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Jeff Gutt homecoming sparks Revolution 3 show at Michigan Lottery Amphitheatre
STERLING HEIGHTS -- The Revolution 3 Tour is designed as a blast from the past -- from the 90s and, in the case of British rockers The Cult, the 80s.
But Tuesday night’s, July 24, show in the Michigan Lottery Amphitheatre at Freedom Hill really belonged to a new face in one of the veteran bands.
It was a triumphant homecoming for Jeff Gutt, the Michigan native and longtime Mount Clemens resident who was named Stone Temple Pilots’ new singer last November. From local media hype to congratulatory billboards the night belonged to Gutt; Cult frontman Ian Astbury even gave the newbie him a couple of grudging shout-outs during his band’s set, though he (purposely?) mispronounced Gutt’s last name.
And the occasion was certainly not lost on Gutt as he performed STP’s hour-long set before family -- including his 10-year-old son Talon -- and friends. “It’s good to be home,” he said early in the show, adding shortly after that “I consider all of you guys to be like family to me for all the years I played around here...There’s so many people here who helped me. I appreciate you all.” Towards the end of set Gutt -- who’s switched his hair back to its original dark hew after going blonde when he joined STP -- declared the night “a really great moment for me” and thanked the sold-out “for making this night so special.”
He also announced that “party’s at mom’s house afterwards,” though STP was in reality headed straight to its next tour stop.
All that love would have been for naught if Gutt didn’t deliver, but that was not an issue from his first growled lines of “Wicked Garden.” Sporting a black jacket, white shirt and shades, Gutt presented himself as the perfect heir to STP’s late Scott Weiland, hitting all the right vocal notes and channeling just enough of his predecessor’s lithe, sometimes balletic stage presence to be familiar but not merely a slavish imitation. Rolling through the hits-heavy dozen-song set, Gutt was an undeniable force whose commanding delivery made his renditions of “Dead Bloated,” “Big Empty,” “Vasoline” and a somewhat over-arranged “Plush” much more than mere recitations of favorite hits.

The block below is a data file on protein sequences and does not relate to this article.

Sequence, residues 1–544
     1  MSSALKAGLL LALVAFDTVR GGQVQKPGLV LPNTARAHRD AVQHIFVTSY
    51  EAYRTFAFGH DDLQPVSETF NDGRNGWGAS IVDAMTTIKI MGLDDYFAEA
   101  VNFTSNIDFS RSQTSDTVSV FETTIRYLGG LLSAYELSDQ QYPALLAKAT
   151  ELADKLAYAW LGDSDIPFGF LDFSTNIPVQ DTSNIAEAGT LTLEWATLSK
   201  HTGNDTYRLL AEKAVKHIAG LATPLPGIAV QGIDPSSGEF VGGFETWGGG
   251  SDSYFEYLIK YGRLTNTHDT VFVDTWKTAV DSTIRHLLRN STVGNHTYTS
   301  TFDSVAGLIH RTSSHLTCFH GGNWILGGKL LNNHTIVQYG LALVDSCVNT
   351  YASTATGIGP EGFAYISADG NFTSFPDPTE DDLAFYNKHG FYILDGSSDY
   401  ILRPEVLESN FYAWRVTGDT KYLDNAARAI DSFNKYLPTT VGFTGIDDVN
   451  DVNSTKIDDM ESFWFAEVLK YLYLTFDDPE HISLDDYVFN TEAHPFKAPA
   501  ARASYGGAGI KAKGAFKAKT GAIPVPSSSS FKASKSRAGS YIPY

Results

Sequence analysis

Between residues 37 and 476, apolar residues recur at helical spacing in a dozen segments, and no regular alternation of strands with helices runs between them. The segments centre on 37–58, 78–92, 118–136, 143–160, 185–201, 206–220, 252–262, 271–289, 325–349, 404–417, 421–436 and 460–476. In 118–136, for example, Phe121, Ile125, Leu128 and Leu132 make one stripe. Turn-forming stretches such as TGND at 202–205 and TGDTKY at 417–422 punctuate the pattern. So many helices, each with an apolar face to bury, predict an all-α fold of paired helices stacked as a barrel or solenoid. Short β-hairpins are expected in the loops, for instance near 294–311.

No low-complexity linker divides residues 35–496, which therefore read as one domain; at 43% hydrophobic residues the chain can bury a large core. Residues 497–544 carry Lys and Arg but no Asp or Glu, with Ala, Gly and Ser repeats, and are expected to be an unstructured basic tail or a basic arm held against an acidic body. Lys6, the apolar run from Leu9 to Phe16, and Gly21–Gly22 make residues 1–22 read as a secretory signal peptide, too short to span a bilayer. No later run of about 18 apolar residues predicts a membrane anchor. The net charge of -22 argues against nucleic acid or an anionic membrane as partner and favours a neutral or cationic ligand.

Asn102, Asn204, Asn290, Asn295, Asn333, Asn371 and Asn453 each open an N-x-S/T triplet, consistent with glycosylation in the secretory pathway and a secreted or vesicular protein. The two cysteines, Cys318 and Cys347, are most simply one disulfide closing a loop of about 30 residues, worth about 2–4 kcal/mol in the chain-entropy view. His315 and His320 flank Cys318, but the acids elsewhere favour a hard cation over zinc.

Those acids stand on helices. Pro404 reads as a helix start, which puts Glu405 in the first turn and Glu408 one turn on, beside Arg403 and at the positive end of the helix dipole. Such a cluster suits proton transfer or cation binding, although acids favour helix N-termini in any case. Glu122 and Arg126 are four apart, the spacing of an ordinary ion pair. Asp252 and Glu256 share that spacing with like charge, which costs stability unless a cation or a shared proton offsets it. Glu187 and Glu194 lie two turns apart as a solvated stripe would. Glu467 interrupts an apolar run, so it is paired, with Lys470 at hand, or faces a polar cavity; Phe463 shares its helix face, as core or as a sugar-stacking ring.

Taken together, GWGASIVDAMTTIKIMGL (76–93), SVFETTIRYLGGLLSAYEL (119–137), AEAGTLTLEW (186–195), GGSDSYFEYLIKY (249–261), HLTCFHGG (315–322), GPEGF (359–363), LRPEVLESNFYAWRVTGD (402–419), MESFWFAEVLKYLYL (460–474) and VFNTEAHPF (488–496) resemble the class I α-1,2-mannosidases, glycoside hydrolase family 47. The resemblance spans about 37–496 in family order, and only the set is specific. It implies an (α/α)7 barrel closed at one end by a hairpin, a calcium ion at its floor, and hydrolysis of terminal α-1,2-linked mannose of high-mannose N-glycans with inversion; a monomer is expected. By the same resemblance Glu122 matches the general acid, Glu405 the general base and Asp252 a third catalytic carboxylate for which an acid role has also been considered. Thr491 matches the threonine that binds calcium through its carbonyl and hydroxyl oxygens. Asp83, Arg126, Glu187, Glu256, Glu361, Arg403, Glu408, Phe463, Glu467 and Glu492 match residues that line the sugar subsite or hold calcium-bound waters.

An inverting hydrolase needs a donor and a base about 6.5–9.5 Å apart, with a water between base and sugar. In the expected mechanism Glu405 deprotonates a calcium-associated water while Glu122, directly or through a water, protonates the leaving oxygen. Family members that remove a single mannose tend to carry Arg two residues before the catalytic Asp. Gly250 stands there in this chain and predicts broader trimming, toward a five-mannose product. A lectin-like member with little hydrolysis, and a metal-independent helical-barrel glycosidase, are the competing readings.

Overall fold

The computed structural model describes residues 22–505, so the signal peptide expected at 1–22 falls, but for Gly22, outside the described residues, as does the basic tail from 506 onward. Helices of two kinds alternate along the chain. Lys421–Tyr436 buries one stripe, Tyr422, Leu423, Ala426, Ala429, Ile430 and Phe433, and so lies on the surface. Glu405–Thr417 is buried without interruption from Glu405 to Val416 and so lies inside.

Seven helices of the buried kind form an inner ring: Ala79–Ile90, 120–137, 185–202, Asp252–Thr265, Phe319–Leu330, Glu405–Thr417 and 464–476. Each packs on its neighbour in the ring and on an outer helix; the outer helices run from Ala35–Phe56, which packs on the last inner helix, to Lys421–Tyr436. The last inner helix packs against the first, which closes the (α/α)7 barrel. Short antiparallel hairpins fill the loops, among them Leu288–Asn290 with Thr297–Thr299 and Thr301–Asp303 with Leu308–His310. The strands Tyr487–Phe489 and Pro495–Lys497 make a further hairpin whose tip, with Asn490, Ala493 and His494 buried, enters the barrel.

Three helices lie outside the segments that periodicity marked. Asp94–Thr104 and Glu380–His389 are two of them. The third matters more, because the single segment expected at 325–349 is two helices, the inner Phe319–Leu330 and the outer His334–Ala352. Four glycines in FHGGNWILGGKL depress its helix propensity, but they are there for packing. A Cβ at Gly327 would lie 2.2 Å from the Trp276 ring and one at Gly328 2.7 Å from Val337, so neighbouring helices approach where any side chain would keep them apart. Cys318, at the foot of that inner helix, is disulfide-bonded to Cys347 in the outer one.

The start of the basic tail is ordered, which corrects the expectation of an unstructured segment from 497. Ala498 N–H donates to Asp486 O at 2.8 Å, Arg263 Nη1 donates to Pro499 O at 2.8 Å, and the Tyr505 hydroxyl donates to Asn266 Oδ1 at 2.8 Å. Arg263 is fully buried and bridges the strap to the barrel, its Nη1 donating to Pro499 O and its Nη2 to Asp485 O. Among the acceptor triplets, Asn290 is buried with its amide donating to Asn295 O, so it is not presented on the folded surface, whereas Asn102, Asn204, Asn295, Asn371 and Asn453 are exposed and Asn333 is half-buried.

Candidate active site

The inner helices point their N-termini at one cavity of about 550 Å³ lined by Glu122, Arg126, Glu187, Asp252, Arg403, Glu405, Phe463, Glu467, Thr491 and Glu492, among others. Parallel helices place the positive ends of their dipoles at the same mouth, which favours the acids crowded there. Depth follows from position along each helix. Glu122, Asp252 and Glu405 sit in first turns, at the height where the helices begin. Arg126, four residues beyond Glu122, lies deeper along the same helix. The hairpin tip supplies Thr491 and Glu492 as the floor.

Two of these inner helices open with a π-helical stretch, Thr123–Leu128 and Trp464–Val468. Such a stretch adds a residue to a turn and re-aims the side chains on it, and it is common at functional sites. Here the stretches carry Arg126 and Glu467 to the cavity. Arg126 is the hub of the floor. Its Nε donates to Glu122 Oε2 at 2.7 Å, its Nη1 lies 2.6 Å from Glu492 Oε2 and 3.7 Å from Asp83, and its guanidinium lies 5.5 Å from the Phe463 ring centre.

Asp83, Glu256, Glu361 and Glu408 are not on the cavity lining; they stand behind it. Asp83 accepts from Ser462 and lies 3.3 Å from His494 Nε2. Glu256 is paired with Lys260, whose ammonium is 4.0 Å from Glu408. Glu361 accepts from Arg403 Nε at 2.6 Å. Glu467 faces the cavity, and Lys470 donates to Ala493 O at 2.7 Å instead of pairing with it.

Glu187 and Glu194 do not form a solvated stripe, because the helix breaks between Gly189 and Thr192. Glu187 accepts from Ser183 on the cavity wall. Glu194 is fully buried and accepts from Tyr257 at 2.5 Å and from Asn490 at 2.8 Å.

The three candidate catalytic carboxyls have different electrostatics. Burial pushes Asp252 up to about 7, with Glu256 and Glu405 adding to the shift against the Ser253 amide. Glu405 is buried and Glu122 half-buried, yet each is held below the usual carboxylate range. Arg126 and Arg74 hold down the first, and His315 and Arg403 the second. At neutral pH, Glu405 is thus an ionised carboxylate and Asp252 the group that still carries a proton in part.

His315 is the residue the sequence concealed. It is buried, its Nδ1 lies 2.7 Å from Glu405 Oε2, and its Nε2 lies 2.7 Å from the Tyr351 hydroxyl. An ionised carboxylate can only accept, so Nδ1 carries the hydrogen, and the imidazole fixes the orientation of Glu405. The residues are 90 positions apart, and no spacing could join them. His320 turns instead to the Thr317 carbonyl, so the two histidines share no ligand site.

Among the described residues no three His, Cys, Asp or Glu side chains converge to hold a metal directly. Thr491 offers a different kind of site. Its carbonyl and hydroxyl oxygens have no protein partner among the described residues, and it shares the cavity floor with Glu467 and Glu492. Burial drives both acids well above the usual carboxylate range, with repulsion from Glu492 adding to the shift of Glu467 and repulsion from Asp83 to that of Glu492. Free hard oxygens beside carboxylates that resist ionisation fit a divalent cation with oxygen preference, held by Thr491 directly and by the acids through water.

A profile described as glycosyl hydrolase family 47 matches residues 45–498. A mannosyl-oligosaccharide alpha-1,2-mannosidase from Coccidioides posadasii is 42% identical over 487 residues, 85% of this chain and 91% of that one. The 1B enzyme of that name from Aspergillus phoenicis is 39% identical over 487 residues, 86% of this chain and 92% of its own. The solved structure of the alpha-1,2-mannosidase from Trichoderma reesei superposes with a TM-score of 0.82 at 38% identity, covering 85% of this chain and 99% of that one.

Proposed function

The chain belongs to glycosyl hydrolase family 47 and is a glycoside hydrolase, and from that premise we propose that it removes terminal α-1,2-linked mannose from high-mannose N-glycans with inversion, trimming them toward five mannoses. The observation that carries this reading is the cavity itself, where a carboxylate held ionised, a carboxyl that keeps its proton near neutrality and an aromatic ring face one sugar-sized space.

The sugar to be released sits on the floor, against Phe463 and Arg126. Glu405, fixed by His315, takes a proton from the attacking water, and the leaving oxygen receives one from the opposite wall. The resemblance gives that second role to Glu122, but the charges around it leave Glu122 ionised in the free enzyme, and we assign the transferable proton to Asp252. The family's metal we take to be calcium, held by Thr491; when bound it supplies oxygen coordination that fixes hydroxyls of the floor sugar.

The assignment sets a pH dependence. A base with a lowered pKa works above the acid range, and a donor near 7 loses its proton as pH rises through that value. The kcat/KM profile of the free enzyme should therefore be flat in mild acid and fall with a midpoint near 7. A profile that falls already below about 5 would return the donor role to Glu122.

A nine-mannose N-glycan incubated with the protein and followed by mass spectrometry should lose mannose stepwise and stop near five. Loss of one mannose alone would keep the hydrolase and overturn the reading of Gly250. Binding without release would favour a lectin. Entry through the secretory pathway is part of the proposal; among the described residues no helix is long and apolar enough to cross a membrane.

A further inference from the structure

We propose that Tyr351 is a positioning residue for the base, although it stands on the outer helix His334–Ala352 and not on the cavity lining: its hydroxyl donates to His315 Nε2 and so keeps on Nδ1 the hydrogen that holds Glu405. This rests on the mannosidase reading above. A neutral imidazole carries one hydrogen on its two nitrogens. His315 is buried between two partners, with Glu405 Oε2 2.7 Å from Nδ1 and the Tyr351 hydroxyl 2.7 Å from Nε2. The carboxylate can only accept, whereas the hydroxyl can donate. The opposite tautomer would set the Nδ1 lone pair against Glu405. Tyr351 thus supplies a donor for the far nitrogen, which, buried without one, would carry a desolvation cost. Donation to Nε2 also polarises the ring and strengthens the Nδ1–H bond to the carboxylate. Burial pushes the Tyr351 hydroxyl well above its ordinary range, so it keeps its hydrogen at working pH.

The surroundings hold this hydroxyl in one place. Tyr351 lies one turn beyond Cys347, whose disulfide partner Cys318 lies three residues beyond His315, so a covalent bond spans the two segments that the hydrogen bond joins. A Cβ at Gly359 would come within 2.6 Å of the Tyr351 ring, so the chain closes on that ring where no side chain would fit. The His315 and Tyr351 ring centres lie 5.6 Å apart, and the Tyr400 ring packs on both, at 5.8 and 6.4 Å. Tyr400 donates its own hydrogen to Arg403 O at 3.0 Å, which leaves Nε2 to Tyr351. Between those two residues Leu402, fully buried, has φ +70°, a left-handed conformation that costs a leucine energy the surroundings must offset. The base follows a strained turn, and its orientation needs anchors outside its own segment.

And songs such as “Meadow” and “Roll Me Under” from this year’s self-titled album, STP’s first with Gutt, made a convincing statement that the quartet has every intention to build upon rather than rest on its formidable, multi-platinum laurels.
The Gutt homecoming only gave a bit of extra oomph to an already loaded night for rock fans. The Revolution 3 concept proved a winner; An hour set for each of the tri-headliners -- also including Bush, with Julien-K opening -- meant there was little room for muss, fuss and filler, resulting in a breathless troll through some hit-filled song catalogs. That was certainly the case for Bush, which played two of its biggest singles -- “Machinehead” and “Everything Zen” -- within the first three songs of its portion of the evening and reminded fans how deep its hit parade runs with the likes of “Swallowed,” “Glycerine” and “Comedown.”
A muscular version of the Beatles’ “Come Together” was a welcome surprise, while Bush frontman Gavin Rossdale, sporting a Gotham City tank top and a compression sleeve on his right arm, got the night’s up-close and personal award during “Little Things” by running all the way to the lawn and pressing plenty of flesh before returning to the stage.
The Cult’s set was a winner, too, though Astbury seemed initially displeased with the crowd response, chiding that 2012’s “Elemental Light” “wasn’t that long ago.” Nevertheless he was in fine voice and tambourine-shaking, shamanistic form as guitarist Billy Duffy laced biting solos throughout favorites such as “Sweet Soul Sister,” “She Sells Sanctuary,” “Fire Woman” and “Love Removal Machine.” The Cult did dig a bit deeper than its tour cohorts for songs such as “Wild Flower,” “Rise” and “The Phoenix,” while a stripped-down rendition of “Edie (Ciao Baby)” was a highlight of the entire night.
All of that made the Revolution 3 a loud ‘n’ proud celebration of past but still potent glories -- and a way to make a local boy part of a rich legacy that he’ll hopefully help to build upon.
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